Visiting institutions for the Building Capacity Programme discussions with members of senior management may not have demonstrated ‘deep understanding of Communications and Information Technology’; they have however demonstrated a profound understanding of institutional issues, the context of higher education in wider socio-economic realities and creativity in addressing these issues. Mostly senior managers have not talked about technology, they have talked about the advantages of technology and how they can meet needs. Reflecting on Dearing’s vision for the ‘Type 42 manager’ it is clear that in the context of the times Dearing was right in his recommendation, but somewhere between then and now we either lost the need for them, or we developed a different kind of senior manager who understands that technology in and of itself is essential not central in an institution.

This post-digital senior manager recognises that with technology we can enhance a wide range of practices across teaching, research and administration, and they understand that it is underpinning almost every process in an institution; but they also understand that the focus needs to be on solving problems and facilitating positive change rather than on finding uses for the latest tech to roll off the conveyor belt.

3 thoughts on “Maybe 42 is no longer the answer

  1. Laurie,Lawrie

    My view is that the ‘Type 42’ manager was relevant then and and is still relevant now, but the type of need has changed. Technology has a significant role to play in addressing institutional issues whether it be cost reduction level, improving the student experience or through research and innovation. However, this cannot be achieved unless we look to raise the digital literacy of all staff in Univerity’s to contribute to, and help address the institutional issues.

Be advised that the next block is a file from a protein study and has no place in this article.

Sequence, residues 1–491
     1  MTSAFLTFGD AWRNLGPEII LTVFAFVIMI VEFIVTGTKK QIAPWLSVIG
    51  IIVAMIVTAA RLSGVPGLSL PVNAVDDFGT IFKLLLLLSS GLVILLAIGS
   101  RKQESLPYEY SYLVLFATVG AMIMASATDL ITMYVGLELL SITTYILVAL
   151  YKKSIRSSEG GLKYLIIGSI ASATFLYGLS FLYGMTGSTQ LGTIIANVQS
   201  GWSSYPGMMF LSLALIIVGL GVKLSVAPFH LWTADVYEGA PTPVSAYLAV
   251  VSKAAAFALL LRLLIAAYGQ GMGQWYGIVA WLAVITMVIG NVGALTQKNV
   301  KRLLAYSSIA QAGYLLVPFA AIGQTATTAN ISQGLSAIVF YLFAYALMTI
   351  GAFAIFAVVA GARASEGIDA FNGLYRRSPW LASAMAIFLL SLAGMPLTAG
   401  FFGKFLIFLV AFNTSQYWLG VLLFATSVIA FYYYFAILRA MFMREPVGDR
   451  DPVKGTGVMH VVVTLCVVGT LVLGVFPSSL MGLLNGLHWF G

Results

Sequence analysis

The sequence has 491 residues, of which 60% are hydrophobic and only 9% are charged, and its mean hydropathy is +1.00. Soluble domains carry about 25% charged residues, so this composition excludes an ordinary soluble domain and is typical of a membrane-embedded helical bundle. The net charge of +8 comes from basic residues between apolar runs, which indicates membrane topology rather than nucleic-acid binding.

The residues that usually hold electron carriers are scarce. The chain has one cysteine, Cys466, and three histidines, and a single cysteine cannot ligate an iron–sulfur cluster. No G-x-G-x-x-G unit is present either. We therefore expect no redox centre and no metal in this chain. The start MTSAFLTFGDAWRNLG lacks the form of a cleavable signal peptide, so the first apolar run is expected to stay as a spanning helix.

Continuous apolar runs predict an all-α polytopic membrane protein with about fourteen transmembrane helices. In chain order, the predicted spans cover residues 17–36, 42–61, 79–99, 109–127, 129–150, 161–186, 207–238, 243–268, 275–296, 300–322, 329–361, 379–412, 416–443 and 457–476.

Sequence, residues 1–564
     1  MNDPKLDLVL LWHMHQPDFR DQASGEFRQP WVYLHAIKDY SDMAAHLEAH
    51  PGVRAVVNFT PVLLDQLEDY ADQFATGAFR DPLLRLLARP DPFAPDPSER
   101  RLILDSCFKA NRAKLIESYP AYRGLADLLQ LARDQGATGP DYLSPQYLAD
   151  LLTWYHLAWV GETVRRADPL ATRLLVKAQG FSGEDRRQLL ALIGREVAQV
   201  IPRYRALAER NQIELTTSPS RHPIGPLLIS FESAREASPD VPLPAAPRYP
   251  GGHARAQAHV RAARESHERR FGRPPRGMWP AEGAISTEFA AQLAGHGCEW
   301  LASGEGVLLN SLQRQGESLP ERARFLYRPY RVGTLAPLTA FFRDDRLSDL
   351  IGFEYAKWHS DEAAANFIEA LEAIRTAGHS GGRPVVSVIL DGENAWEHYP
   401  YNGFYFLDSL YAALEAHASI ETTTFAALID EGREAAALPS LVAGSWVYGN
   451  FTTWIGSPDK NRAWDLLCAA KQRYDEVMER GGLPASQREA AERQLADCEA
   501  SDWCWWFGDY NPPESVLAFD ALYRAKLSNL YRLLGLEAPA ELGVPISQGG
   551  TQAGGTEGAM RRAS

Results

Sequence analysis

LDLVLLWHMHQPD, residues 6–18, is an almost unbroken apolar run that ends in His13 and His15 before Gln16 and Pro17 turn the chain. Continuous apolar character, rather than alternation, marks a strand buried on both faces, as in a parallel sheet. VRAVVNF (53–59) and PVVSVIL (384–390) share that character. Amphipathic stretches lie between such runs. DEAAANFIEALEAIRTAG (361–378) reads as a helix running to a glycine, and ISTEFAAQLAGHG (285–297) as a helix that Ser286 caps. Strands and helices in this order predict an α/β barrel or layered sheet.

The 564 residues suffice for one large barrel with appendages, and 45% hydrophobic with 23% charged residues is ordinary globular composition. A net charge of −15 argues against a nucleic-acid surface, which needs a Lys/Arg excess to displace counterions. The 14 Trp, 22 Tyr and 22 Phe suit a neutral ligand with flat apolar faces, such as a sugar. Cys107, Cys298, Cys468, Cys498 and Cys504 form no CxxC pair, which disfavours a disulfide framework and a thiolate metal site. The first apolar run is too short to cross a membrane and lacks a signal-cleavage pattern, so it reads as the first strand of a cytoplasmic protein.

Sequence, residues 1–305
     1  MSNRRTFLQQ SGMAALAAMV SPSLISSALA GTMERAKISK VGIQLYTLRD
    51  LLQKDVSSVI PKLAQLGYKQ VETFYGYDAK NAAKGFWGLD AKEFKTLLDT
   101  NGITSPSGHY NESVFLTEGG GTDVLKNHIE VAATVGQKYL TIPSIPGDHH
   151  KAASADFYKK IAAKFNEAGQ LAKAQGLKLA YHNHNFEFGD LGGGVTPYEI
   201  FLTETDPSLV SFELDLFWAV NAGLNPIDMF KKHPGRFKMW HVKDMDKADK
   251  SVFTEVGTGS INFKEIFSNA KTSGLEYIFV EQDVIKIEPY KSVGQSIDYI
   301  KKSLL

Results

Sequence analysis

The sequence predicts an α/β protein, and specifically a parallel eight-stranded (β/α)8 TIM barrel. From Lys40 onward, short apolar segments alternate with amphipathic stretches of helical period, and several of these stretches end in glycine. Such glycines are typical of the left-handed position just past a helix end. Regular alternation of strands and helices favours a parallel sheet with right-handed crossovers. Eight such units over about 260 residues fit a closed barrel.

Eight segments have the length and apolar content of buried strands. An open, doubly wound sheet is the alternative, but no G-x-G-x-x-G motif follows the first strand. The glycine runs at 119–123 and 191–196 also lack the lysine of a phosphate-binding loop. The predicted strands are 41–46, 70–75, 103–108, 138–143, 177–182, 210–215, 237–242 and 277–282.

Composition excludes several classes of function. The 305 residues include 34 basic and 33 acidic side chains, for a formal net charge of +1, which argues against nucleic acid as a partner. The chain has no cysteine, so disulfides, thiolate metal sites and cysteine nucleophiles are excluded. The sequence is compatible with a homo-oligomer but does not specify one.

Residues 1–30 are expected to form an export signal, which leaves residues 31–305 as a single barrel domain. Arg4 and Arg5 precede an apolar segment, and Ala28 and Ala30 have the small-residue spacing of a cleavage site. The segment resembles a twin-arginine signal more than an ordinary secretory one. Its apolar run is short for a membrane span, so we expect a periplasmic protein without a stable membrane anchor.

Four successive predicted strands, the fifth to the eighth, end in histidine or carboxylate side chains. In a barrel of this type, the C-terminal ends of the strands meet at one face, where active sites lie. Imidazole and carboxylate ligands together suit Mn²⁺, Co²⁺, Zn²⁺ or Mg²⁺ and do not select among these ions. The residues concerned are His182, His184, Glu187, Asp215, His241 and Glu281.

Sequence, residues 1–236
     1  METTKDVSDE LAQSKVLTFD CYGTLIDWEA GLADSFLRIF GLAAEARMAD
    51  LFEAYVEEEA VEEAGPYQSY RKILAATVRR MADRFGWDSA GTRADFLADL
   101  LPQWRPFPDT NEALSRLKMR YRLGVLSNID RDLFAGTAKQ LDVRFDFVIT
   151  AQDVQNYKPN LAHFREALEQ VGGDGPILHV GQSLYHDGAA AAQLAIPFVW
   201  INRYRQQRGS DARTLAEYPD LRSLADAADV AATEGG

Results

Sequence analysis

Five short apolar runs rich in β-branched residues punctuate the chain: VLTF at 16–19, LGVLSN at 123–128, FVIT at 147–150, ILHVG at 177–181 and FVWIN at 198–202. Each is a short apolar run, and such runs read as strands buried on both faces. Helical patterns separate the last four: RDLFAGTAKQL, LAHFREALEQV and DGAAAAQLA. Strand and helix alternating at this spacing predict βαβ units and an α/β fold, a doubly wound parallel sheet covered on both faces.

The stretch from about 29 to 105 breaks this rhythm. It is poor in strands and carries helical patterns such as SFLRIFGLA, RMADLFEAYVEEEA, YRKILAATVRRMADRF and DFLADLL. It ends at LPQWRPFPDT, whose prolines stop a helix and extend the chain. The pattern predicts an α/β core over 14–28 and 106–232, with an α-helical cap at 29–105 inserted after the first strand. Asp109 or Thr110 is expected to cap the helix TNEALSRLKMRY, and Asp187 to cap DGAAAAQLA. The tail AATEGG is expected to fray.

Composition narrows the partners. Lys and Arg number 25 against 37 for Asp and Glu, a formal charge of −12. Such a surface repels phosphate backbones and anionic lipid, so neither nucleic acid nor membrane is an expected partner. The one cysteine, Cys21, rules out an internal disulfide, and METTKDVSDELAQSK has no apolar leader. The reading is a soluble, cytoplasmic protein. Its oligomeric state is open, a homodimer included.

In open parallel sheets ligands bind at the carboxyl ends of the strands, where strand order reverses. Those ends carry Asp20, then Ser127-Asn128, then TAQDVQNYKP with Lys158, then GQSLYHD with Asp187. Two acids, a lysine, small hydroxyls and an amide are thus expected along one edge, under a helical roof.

Technology in itself is not a panacea and it is not the sole responsibility of the ICT departments to implement solutions to the challenges that all institutions will/are facing. This is a two-way street and all Universities have a key role to play, whether it be through their CSR agenda or not, in helping to improve the digital literacy of the country. There are more students entering HE than ever before with sophisocated resources and equipment, and I believe we are missing a trick if staff are not engaging with students through these resources to help improve the overall student experience.

    ICT departments have an important role in articulating the benefits of technology at a senior level to improve levels of service, but equally senior managers have to be receptive to the opportunities that exist through ICT. I believe there are still too many managers who still believe that technology is the sole domain of the ICT department, and I’m no longer convinced that this mindset is helpful or relevant in the changing environment, to provide institutions with a competitive advantage in the future.


  2. I agree with Bill that the Type 42 manager is still relevant. There are several reasons for this: